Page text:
Presentation Guide

Oral Presentation

Know the time and location of your session. Make sure you know how to get to the meeting room where your session is held.
Arrive to the room 10 minutes before the start of the session and introduce yourself to the session chair.
A laptop, projector, and screen will be available in the session room. Presenters are not allowed to use their own laptop which will help eliminate unnecessary wasting of time between presentations except in special circumstances.
Create your presentation using MS PowerPoint or Adobe PDF formats and save it onto a USB drive. Bring the USB drive to the session and upload the presentation to the laptop in the session room at least 10 minutes before the start time of your session. You can also bring it earlier during the coffee/lunch breaks of any days before your presentation.

Poster Presentation

Presenting your work with a poster it will be your responsibility to produce the best possible forum for your research findings. It will be your responsibility to bring to the conference or make sure it is sent in advance with sufficient time to arrive. A prize for the best poster is something to strive to achieve and win and it is worth taking time to make yours stand out.
A poster should be self‐contained and self‐explanatory to all readers, allowing your work and results to be clear. Do not clutter with unnecessary detail or fancy boarders. Presentations should be simple and clear and a combination of text and graphics suitable to the individual work is needed. An interesting poster is read with enthusiasm and a desire to know more. Too much colour can be off putting and balance as needed.

Poster Layout: Use a matt finish rather than glossy paper as varying lighting in the venue can cause reflection on glossy paper and difficult to read. Arrange the work in columns rather than rows as this is easier for the viewer to follow. An introduction should be placed at the upper left and a conclusion at the lower right. The abstract does not need to be presented and limited references.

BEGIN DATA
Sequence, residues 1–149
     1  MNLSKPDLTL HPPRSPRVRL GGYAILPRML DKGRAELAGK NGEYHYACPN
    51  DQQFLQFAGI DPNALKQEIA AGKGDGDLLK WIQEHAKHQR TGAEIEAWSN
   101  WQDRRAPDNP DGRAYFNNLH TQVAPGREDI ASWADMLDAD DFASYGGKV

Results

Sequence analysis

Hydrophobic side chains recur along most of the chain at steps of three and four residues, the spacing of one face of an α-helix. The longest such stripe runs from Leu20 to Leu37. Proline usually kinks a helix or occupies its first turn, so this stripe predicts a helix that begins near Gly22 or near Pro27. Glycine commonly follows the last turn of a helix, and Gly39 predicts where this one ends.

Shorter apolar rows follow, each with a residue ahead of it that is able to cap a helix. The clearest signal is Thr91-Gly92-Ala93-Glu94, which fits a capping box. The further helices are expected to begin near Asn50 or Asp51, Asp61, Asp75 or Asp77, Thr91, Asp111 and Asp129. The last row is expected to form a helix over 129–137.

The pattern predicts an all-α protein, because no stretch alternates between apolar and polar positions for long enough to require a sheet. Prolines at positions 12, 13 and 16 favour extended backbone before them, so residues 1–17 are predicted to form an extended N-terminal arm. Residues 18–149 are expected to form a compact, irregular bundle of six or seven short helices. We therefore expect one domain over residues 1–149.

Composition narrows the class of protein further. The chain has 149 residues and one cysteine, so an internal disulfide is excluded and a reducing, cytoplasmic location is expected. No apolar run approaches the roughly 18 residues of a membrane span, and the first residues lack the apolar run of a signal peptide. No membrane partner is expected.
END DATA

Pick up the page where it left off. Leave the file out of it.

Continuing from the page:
Illustrations: Figures should be designed to be viewed from a distance and should use clear, visible graphics and large type. Each figure or table should have a heading of one line. Additional essential information should be provided below in a legend. Photographs should have good contrast, sharp focus and, if necessary, an indication of scale. Most modern phones will produce this quality now.

Text: Minimize narrative. Use large type in short, separated paragraphs. Numbered or bulleted lists are effective ways to convey a series of points; however, limit their use and bullet points need explanations and time might not permit. Do not set entire paragraphs in uppercase or boldface type. Do not attempt to put the full paper on the poster.

Titles and Fonts: Titles and captions should be short and easy to read, follow the fonts from that recommend by the conference. Use large lettering as this means a number of people can read the poster from a distance without overcrowding. Remember to caption your poster with the abstract title, author’s names and affiliations.

Poster size: We allow for posters up to A1 in size and any smaller they will be crammed or ineffective.

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